Billy West can’t choose which cartoon character is the favorite of the ones he has voiced during his illustrious career—there are too many to sort through, and each one is important to him in a different way.
“Any creations, they are all equally valuable to me, and important to me as any of the other ones. It would be like asking a mother to choose her favorite son, you just can’t do it,” said West, who has done the voices for past Nickelodeon shows Ren and Stimpy, and Doug. Going even further back into the cartoon vault, West also did the voices for classic characters such as Bugs Bunny, and Elmer Fudd.
In recent years, besides his work as the red M&M in the candy company’s television commercial spots, West is known for his part on the cult favorite Futurama, a cartoon that was created by the people behind the longest-running cartoon sitcom, The Simpsons. On Futurama, West played more than one character, including the lead role of Philip J. Fry, a human that travels the galaxy with an odd mix of different species aboard a spacecraft. When fans hear the voices of Dr. Zoidberg, or Professor Hubert—that’s West, too, so it’s no wonder he can’t flip through his list of performances and pinpoint a voice that appeals to him the most. “I have to tell you, I put 1,000 percent into anything I ever did,” he said of his 15-year career on Futurama.
His ability to shift the pitch in his voice, and come up with different sounding characters started as a kid, and lead to a 30-year career on some of the most watched childhood shows. “I was a freak. That’s all I can tell you. I could entertain myself with my voices and guitar, and I would draw for hours. I watched early, early television that inspired me greatly. But I was always fascinated with the cartoon people and their profession,” he said.
West, a Boston-native who got his start on WBCN and the Howard Stern show, now lives in Los Angeles, but he will be back in the city August 3 and 4 as a panel member and celebrity guest during the annual Comic Con event at the Seaport World Trade Center. The weekend is packed with appearances from some of the top comic book cartoonists and creators, as well as the lead roles from Sci-Fi television shows, and movies like The Hobbit.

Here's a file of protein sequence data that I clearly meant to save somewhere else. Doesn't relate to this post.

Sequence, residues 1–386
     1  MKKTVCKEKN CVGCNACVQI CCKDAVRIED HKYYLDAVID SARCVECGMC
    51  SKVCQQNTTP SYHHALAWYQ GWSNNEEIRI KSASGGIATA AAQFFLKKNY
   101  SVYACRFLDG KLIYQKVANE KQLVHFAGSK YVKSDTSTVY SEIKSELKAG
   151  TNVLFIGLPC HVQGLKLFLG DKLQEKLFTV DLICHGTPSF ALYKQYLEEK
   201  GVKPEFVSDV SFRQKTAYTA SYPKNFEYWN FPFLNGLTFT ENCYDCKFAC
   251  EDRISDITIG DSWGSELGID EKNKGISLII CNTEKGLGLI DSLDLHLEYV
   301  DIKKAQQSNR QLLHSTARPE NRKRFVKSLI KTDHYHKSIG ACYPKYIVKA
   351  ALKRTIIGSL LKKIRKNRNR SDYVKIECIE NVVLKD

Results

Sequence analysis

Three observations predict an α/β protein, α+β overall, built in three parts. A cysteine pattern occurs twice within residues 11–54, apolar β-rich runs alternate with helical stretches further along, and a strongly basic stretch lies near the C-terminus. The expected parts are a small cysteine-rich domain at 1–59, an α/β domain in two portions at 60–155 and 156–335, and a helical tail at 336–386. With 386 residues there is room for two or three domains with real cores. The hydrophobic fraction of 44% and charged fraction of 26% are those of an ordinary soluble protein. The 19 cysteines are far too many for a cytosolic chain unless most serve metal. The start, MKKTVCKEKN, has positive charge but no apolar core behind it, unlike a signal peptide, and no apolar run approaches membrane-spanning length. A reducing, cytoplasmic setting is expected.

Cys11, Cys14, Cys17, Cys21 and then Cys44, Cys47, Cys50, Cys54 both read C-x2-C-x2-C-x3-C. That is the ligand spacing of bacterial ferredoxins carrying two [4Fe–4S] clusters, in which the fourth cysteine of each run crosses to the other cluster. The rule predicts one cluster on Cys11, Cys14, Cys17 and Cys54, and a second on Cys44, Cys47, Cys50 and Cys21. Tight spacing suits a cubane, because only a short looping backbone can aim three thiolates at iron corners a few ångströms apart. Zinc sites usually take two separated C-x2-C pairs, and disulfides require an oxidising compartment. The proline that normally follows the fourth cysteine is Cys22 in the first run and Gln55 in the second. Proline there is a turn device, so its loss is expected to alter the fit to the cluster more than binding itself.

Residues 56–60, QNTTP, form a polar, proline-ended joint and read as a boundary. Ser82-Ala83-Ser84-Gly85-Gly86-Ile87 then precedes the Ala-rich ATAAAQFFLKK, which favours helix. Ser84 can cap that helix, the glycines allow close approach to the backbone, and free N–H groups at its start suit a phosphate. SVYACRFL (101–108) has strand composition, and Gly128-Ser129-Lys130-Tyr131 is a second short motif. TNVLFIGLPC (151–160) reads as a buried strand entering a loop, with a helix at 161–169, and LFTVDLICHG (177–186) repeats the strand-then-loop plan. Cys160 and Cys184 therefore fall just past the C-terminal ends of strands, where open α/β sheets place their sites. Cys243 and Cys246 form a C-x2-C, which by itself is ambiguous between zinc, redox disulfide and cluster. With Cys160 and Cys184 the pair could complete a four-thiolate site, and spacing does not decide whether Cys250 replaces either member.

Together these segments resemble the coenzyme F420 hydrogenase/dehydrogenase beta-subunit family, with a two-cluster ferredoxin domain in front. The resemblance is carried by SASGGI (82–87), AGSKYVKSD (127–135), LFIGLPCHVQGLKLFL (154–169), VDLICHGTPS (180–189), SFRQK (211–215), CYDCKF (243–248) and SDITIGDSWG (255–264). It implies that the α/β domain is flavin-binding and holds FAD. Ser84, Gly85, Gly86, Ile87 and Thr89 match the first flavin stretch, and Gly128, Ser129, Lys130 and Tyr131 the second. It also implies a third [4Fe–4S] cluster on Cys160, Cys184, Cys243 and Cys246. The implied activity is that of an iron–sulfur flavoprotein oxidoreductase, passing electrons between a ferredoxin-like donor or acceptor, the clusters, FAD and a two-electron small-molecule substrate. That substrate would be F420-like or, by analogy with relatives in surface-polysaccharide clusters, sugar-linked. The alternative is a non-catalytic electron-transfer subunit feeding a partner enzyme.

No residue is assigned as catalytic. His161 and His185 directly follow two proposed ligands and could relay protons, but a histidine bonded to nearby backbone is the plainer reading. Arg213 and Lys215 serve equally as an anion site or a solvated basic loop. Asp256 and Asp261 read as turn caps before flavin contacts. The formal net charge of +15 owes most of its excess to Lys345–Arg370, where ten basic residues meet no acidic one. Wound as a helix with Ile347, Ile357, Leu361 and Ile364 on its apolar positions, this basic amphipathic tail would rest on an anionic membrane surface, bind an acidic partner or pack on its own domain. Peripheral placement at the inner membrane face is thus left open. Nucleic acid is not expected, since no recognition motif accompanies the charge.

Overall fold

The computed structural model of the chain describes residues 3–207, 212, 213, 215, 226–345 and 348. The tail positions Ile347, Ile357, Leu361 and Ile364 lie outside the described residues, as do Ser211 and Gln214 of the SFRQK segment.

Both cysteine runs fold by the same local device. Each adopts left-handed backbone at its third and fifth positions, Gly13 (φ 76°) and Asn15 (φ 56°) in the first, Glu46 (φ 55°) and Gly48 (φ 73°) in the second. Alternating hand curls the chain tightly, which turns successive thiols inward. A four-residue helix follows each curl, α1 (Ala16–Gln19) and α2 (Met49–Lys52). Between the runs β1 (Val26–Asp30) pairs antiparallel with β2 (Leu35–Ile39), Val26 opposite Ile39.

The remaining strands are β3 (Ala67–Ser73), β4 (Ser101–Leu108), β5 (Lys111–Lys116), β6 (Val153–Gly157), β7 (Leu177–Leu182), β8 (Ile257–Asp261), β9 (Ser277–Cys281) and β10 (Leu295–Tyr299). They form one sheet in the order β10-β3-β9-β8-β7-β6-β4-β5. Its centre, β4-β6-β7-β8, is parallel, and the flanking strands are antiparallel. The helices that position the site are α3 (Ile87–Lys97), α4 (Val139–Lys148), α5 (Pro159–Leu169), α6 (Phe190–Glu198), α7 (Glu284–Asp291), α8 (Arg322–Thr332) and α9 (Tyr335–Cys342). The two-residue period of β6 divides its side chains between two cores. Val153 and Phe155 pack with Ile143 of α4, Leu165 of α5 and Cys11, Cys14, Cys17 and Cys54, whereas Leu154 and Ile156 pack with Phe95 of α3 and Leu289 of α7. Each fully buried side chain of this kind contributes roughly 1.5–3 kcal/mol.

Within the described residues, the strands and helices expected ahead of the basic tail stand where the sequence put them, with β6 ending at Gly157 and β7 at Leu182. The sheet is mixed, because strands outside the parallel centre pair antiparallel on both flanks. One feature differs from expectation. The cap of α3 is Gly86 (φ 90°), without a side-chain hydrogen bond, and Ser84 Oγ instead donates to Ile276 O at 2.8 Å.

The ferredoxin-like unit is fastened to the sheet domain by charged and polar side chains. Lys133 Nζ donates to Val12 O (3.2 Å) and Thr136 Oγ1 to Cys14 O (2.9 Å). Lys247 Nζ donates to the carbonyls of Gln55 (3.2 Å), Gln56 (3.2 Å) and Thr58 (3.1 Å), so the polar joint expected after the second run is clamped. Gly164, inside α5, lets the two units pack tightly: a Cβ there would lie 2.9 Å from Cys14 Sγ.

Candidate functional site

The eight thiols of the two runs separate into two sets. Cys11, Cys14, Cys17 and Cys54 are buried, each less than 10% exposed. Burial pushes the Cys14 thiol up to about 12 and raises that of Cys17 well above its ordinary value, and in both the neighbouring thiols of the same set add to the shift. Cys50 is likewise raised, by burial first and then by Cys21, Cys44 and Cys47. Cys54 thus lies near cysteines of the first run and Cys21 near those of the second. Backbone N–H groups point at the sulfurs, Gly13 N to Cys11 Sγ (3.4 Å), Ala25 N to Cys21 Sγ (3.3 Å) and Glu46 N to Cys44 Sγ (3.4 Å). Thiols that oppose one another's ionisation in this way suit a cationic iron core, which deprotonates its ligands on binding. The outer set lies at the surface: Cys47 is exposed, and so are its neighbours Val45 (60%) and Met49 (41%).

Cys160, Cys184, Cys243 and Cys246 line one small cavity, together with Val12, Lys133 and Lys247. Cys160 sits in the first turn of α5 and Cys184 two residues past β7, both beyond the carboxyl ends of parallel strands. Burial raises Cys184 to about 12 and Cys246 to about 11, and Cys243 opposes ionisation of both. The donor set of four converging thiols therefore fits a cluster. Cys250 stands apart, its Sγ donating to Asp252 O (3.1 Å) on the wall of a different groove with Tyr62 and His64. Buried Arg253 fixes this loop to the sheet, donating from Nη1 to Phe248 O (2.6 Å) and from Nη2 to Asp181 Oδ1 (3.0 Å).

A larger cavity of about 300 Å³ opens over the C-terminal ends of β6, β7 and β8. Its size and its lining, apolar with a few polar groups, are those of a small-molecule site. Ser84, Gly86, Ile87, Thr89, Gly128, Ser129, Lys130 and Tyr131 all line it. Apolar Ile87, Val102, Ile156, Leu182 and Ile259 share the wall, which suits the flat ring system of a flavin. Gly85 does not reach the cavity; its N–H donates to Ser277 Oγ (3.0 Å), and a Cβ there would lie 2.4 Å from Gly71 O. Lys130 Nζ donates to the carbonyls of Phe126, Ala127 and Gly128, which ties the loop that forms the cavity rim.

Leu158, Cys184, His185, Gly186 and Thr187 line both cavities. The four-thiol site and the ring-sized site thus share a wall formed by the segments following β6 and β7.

Comic Con, which started as a one-day basement show and then exploded into a two-day event due to popularity, has been described as “the equivalent of sitting at the ‘cool table’ for people whose typically ‘nerdy’ interests may have kept them from that in the past.” Typically, fans that attend the two day event dress up in what’s known as “cosplay” outfits, going to extremes to make themselves look like their favorite characters.
West doesn’t know if anyone will show up as some of the characters he has given life to over his decades-long career as a voice actor, but he is humbled to be part of the event right here in his hometown, he said. “It’ll be fun for me, because I just want to thank everybody personally for watching these shows. It was the fans that brought back Futurama, and they will probably do it again, if we can get something going,” said West. “I loved Boston, and I hated leaving.”
But he doesn’t regret it. “I missed it, but I love all the fans [here] and I can’t wait to meet them and just thank them.”
Source URL: https://www.bostonmagazine.com/arts-entertainment/2013/08/02/boston-comic-con-august-3-billy-west/
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